Liver damage during organ donor procurement in donation after circulatory death compared with donation after brain death.
Ausania F., White SA., Coates R., Hulme W., Manas DM.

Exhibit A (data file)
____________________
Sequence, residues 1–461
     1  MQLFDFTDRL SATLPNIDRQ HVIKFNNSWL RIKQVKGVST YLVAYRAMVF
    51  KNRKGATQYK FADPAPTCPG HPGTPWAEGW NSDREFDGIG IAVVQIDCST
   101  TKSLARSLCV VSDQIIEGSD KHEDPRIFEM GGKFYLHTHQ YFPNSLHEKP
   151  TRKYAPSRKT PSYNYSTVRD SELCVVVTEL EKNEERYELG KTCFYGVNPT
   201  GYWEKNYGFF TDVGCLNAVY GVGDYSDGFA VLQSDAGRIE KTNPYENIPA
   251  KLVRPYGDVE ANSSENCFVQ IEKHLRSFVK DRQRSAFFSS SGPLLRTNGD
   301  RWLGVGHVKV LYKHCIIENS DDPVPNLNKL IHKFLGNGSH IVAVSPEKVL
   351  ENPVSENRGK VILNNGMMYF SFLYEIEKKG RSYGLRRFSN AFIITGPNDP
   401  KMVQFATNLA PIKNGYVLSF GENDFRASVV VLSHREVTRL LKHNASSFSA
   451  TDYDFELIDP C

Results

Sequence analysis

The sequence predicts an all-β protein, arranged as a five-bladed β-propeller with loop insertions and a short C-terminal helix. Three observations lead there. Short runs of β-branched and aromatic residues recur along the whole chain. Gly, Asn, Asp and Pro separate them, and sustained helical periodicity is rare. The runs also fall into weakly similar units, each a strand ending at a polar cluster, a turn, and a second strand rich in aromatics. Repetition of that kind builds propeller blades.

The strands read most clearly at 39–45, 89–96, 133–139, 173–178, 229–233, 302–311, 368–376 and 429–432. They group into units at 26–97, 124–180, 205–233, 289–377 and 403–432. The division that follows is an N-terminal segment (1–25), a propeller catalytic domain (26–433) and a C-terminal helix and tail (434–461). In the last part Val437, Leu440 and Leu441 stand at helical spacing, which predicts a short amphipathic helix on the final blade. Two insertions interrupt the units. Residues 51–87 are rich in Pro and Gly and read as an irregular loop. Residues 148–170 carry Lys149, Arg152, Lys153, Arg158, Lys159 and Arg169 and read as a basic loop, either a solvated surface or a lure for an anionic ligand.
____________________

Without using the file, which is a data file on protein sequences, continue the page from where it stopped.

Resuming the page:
BACKGROUND: During the past decade the number of livers recovered and transplanted from donation after circulatory death (DCD) donors has increased significantly. As reported previously, injuries are more frequent during kidney procurement from DCD than from donation after brain death (DBD) donors. This aim of this study was to compare outcomes between DCD and DBD with respect to liver injuries. METHODS: Data on liver injuries in organs procured between 2000 and 2010 were obtained from the UK Transplant Registry. RESULTS: A total of 7146 livers were recovered from deceased donors during the study, 628 (8·8 per cent) from DCD donors. Injuries occurred in 1001 procedures (14·0 per cent). There were more arterial (1·6 versus 1·0 per cent), portal (0·5 versus 0·3 per cent) and caval (0·3 versus 0·2 per cent) injuries in the DBD group than in the DCD group, although none of these findings was statistically significant. Capsular injuries occurred more frequently in DCD than DBD (15·6 versus 11·4 per cent; P = 0·002). There was no significant difference between DCD and DBD groups in liver discard rates related to damage. CONCLUSION: There were no differences in terms of vascular injuries between DCD and DBD livers, although capsular injuries occurred more frequently in DCD organs. Continuing the trend for increased frequency of DCD liver recovery, and ensuring that there is an adequately skilled surgical team available for procurement, is vital to improving the utilization of DCD livers.